1. ELECTRON BEAM MACHINING
• The basic physics is an electron beam is directed towards a work piece, the electron heat and vaporize the metal.
• electrons accelerated with voltages of approx. 150,000V to create velocities over 200,000 km/sec.
• beam can be focused to 10 to 200 micro m and a density of 6500 GW/mm2
• good for narrow holes and slots.
e.g. a hole in a sheet 1.25 mm thick up to 125 micro m diameter can be cut almost instantly with a taper of 2 to 4 degrees
• the electron beam is aimed using magnets to deflect the stream of electrons
• a vacuum is used to minimize electron collision with air molecules.
• beam is focussed using an electromagnetic lens.
• Some examples of cutting performance are given below,
• typical energy requirements for cutting are,
• e.g. to cut a 150 micro m wide slot in a 1mm thick tungsten sheet, using a 5KW power source, determine the cutting speed.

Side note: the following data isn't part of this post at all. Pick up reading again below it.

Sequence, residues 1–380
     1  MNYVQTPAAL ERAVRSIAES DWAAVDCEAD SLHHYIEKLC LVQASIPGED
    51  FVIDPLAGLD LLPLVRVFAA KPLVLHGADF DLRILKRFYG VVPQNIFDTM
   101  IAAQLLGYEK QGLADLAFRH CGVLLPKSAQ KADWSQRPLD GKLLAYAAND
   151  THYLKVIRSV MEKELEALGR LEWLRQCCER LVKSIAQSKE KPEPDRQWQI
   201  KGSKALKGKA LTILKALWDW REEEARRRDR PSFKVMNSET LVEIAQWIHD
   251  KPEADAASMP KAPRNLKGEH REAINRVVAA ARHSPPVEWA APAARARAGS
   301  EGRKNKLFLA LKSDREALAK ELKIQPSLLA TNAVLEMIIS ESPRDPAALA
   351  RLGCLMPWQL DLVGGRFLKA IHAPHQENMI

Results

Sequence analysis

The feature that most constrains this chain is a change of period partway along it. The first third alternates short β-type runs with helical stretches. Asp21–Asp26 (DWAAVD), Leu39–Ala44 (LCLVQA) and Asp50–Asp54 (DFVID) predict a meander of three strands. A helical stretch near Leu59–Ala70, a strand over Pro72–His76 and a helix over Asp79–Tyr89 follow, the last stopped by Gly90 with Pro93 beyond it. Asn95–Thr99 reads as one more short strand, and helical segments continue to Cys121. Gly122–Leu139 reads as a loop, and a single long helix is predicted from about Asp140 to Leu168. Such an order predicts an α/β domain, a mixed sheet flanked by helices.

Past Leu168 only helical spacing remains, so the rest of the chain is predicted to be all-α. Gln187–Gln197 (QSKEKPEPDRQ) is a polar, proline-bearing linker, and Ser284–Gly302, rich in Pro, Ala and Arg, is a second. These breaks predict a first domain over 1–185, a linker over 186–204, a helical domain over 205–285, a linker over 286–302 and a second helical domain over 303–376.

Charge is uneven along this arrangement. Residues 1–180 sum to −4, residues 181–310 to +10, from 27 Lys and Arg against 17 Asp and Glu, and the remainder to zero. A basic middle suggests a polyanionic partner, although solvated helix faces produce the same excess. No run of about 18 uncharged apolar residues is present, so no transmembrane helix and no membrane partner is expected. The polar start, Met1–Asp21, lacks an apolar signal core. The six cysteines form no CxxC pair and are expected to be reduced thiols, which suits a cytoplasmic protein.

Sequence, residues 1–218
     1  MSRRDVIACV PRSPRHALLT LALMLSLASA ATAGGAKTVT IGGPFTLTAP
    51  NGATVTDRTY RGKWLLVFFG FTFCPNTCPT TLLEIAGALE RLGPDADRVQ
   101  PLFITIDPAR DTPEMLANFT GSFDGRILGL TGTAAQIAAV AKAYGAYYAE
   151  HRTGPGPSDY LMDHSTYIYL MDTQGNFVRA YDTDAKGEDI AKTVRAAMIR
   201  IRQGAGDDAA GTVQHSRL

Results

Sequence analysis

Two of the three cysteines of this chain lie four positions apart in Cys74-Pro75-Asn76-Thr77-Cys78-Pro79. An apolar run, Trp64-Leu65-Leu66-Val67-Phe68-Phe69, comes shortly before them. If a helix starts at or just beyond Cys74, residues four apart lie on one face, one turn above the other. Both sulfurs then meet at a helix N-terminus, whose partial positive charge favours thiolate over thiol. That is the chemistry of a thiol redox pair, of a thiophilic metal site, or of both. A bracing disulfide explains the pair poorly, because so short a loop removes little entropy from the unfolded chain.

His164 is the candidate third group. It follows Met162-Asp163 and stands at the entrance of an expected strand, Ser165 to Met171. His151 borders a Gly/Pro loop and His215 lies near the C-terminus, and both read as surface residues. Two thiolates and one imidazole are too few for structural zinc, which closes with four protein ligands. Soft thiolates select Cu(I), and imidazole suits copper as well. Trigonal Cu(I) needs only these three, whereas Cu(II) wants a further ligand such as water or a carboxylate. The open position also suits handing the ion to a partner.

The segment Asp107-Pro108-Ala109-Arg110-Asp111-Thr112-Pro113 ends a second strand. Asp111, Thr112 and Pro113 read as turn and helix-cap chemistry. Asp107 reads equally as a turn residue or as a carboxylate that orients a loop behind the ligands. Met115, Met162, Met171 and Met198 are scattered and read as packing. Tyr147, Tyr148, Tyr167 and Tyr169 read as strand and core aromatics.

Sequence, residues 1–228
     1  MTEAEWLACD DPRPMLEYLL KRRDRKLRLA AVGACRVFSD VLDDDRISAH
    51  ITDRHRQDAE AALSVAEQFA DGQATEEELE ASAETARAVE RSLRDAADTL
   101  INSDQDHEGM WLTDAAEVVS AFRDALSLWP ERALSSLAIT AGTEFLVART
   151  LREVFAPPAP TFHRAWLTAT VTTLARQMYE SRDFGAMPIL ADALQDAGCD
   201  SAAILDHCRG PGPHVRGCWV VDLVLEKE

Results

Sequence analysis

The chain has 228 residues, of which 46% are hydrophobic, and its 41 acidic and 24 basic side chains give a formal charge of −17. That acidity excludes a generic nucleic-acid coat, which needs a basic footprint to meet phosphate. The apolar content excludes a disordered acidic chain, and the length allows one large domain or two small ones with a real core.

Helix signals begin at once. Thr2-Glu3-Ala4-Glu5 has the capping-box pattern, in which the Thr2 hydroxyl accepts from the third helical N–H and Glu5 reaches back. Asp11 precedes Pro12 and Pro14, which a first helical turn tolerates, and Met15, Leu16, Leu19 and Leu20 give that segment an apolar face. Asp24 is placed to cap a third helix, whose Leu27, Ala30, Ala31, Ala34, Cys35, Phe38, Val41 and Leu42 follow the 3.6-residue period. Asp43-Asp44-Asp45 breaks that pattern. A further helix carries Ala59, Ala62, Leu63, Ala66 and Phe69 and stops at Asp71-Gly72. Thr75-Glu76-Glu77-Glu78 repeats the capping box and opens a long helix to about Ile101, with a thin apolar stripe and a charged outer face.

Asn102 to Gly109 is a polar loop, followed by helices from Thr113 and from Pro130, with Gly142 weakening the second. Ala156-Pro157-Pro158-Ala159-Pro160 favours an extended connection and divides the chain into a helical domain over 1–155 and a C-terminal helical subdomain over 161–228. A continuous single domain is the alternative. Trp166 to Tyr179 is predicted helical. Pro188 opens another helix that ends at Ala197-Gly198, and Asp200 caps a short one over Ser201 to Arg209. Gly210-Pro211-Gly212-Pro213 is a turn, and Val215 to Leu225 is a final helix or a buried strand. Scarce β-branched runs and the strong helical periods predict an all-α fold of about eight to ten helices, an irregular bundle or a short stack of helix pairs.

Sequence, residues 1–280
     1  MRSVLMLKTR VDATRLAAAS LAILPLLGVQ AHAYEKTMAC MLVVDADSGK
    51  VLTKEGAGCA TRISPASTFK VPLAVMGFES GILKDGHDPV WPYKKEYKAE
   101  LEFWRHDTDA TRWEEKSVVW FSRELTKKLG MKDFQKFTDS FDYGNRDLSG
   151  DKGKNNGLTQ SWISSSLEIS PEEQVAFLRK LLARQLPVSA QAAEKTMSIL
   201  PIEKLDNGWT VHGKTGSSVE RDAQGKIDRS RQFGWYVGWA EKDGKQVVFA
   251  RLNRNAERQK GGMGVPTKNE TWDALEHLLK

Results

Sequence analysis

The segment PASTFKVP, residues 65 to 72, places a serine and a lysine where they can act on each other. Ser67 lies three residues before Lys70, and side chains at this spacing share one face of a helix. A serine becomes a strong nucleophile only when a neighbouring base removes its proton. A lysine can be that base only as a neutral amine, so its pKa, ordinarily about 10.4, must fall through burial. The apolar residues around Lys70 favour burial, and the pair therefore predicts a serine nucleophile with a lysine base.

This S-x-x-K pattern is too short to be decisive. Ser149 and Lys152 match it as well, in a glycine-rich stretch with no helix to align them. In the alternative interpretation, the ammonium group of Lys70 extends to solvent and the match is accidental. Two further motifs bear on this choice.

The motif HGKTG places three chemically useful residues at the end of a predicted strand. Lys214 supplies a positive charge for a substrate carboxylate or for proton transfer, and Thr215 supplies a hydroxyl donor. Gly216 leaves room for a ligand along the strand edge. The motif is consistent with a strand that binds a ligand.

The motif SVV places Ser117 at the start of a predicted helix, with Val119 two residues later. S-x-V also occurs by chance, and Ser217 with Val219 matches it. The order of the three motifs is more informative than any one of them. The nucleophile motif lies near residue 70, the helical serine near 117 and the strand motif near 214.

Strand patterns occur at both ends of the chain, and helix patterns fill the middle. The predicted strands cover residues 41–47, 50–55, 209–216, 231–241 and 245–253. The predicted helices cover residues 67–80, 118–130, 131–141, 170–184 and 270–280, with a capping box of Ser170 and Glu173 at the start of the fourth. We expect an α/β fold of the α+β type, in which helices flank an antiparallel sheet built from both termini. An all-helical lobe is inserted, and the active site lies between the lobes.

• the heat rise can be estimated using a one dimensional heat flow equation
• We can estimate the melting temperature with,
- process done in vacuum, so it is best suited to small parts, but vacuum also reduces contamination
- very high heat concentration reduces peripheral heating of surface less that 50 micro m from the cut the part is at room temperature.
• Summary of EBM characteristics,
- mechanics of material removal - melting, vaporization
- tool - beam of electrons moving at very high velocity
- specific power consumption = 450W/mm3/min
- critical parameters - accelerating voltage, beam current, beam diameter, work speed, melting temperature
- materials application - all materials
- shape application - drilling fine holes, cutting contours in sheets, cutting narrow slots
- limitations - very high specific energy consumption, necessity of vacuum, expensive machine.
1.2 PRACTICE PROBLEMS